The hike takes me through icy patches and the wind gets cold really fast. The trees are all Douglas Fir, imported from Canada because they grow fast. But they don’t do well on the soggy soil, so the whole place is a strange swampy forest, right out of a Russian fairy tale. When the sun starts setting, I do get that nice sort-of-panicky feeling. With the additional adrenalin and the help of two other hikers (who also enjoyed the fact that they had been lost a bit) I make it to a nice little waterfal, and then back to the car.

Driving home, I listen to the German language radio for as long as the signal carries me, and I start another work week with recharged batteries. Recommended.


What an ugly word. Gamification. But its uglyness suits the subject matter well.

It’s a booming practice in software and website making. Trying to transform a mundane application or advertisement into a game, with scores, badges, ‘quests’, unlockable things.

I absolutely hate it. Not just because there is absolutely no  fun involved, but because I can hear the designer thinking “here’s how we will herd them into line again”. Very soon, you’ll see that actual games will start dropping things like badges and scores, because they will remind us too much of advertisements or work. The world upside down.

I get the point behind it though. There was a time when I even wanted to make a full out dashboard of my own life, integrating my bookkeeping, workout schedules and music practice into one Zelda-like interface. How silly. It’s not about scoring points for every new scale learned, it’s about enjoying each note you play.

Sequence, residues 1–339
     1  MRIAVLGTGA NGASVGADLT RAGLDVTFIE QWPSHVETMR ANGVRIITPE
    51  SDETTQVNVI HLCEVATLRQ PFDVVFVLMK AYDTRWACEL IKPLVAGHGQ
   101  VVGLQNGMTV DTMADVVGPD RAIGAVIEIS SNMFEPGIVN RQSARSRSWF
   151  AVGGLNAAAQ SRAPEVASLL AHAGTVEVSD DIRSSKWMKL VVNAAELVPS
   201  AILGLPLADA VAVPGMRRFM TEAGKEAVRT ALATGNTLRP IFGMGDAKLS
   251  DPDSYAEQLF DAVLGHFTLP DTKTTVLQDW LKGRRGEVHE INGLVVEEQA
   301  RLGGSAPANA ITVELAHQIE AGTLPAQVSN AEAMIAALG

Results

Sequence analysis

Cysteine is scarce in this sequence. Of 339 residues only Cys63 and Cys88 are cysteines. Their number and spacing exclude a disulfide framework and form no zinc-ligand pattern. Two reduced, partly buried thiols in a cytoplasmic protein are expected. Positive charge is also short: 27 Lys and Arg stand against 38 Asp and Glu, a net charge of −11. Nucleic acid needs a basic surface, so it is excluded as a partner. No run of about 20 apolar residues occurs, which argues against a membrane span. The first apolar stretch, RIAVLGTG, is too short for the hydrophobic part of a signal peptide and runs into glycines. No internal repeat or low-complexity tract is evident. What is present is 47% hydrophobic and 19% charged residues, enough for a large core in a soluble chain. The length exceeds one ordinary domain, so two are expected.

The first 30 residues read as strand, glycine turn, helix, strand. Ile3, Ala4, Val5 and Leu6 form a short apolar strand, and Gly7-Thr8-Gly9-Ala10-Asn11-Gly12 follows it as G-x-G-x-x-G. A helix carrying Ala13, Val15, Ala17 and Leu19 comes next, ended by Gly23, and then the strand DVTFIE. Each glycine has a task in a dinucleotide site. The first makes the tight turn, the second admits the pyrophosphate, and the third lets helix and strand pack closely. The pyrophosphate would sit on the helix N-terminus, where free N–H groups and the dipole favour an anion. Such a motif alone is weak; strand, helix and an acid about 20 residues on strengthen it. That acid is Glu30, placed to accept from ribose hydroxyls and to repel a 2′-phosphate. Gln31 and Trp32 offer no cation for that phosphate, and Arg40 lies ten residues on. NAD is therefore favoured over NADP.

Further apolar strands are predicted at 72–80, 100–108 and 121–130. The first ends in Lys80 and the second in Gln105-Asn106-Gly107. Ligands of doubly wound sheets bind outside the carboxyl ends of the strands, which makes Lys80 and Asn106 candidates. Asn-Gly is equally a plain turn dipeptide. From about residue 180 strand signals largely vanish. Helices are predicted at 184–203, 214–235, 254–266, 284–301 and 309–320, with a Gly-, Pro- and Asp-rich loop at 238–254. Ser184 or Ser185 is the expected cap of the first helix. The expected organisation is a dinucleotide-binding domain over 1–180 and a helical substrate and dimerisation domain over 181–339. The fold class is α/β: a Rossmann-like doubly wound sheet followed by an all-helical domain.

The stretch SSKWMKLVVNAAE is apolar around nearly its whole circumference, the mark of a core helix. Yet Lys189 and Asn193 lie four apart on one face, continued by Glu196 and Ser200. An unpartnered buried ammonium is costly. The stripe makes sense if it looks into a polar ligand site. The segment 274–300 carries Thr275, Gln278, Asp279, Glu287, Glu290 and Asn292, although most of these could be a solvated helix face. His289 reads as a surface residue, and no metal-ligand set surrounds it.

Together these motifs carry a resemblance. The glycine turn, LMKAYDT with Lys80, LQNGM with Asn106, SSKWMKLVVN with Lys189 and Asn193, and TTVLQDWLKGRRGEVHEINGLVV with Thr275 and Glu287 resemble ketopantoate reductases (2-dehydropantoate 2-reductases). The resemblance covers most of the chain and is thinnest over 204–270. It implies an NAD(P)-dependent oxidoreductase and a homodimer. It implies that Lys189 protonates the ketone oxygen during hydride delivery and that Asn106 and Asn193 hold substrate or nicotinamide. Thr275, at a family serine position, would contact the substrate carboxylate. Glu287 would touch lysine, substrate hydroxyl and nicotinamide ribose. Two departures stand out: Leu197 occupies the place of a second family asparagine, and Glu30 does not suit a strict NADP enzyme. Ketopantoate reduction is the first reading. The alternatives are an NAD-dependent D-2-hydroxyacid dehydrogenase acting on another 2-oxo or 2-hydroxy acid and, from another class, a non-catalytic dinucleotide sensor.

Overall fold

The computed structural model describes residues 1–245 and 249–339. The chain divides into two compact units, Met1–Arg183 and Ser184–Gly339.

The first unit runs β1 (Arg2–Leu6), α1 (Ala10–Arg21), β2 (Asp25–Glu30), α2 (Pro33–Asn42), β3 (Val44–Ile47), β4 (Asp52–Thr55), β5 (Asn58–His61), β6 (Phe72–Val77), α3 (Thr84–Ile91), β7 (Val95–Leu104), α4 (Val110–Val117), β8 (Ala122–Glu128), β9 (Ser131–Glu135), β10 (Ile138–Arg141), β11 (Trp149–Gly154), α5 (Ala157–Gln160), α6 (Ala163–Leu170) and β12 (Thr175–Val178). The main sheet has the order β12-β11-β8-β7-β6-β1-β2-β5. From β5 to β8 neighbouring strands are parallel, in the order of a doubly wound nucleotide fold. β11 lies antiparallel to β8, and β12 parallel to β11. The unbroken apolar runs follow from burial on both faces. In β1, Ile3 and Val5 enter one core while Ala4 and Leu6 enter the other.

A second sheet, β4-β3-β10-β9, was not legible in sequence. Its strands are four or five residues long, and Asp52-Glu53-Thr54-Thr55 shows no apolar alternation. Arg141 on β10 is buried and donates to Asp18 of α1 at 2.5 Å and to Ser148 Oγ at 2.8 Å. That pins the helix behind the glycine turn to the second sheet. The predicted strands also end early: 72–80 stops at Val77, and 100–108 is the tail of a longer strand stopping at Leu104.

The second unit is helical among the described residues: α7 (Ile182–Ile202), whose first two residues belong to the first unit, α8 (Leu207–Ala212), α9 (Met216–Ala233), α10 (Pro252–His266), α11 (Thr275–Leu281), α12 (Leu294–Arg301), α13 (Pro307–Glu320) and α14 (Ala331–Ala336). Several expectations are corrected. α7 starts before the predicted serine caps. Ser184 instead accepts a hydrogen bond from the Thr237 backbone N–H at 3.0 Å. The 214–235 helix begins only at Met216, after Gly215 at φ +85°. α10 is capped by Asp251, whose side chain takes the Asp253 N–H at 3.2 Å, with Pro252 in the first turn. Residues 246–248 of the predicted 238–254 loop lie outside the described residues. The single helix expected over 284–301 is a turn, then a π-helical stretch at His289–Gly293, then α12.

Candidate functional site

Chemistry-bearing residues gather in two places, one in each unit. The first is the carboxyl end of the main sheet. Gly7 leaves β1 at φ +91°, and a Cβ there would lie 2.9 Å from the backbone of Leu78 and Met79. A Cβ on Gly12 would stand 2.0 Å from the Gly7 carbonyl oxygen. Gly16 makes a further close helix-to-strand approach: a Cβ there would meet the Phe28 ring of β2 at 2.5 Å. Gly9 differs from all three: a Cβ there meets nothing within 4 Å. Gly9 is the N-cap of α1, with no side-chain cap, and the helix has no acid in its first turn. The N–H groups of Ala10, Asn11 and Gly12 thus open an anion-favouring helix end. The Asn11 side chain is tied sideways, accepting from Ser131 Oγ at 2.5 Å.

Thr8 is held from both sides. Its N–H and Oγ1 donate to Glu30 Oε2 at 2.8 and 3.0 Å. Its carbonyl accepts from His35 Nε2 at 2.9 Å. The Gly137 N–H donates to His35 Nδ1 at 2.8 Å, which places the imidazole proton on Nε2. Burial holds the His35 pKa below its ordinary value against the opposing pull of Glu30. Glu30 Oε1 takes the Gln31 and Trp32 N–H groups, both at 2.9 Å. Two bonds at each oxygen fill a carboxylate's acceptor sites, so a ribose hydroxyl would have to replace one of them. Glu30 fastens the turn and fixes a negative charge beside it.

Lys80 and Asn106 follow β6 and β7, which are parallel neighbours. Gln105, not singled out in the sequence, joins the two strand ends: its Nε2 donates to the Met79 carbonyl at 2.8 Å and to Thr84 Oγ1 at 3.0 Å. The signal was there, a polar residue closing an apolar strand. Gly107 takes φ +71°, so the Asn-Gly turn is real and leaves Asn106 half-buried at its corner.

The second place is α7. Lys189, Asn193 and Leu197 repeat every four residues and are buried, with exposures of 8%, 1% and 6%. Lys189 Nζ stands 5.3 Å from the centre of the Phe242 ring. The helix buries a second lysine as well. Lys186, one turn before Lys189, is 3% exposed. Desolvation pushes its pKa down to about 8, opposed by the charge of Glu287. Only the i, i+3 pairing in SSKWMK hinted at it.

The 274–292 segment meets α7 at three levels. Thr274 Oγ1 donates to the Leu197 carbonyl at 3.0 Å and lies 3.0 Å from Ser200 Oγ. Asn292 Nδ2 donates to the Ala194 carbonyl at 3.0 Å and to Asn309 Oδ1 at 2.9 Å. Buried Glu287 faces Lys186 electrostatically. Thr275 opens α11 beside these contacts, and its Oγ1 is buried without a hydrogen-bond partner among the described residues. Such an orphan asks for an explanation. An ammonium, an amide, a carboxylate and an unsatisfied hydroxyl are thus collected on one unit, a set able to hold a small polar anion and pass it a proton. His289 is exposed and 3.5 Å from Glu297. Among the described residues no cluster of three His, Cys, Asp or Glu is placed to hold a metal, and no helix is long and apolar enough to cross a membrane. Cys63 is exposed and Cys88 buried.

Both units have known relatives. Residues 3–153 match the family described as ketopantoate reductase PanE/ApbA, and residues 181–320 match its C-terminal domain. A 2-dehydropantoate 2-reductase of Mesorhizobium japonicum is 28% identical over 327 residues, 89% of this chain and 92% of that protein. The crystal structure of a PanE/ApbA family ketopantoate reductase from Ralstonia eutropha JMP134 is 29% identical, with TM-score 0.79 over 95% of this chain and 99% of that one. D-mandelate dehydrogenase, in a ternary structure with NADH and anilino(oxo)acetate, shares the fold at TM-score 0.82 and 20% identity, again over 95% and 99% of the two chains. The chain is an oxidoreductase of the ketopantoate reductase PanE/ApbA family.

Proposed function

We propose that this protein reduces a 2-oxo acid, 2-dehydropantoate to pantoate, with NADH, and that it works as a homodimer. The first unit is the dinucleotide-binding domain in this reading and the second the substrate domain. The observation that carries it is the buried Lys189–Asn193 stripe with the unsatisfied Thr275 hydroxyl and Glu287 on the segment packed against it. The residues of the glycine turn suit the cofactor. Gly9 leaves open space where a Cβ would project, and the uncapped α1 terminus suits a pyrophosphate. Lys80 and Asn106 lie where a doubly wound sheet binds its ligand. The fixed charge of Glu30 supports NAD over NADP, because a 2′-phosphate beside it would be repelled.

Keeping track of your progress is good (so you don’t end up at a jam session, realizing you don’t know the scale of A minor) but there is something seriously wrong when you need a game mechanic to keep you motivated to learn each scale. External motivation just doesn’t pay off.

It ties in nicely with another round of spring cleaning here. Many more books, comics, manga, cd’s, movies, gadgets etc are going out. It’s always a bit scary when you get rid of something, because it feels like part of you is going out of the door, never to return. But it’s the same mental mistake: it’s just books, not yourself. I always felt the need to keep lists, as if I wanted the world to know what I read, therefore, who I am. But having your book on the psychology of travel on your shelf doesn’t change you in the slightest bit. If you read it, and got the point, then pass on the book. And don’t be afraid to forget. It feels great to be reminded of something after many years.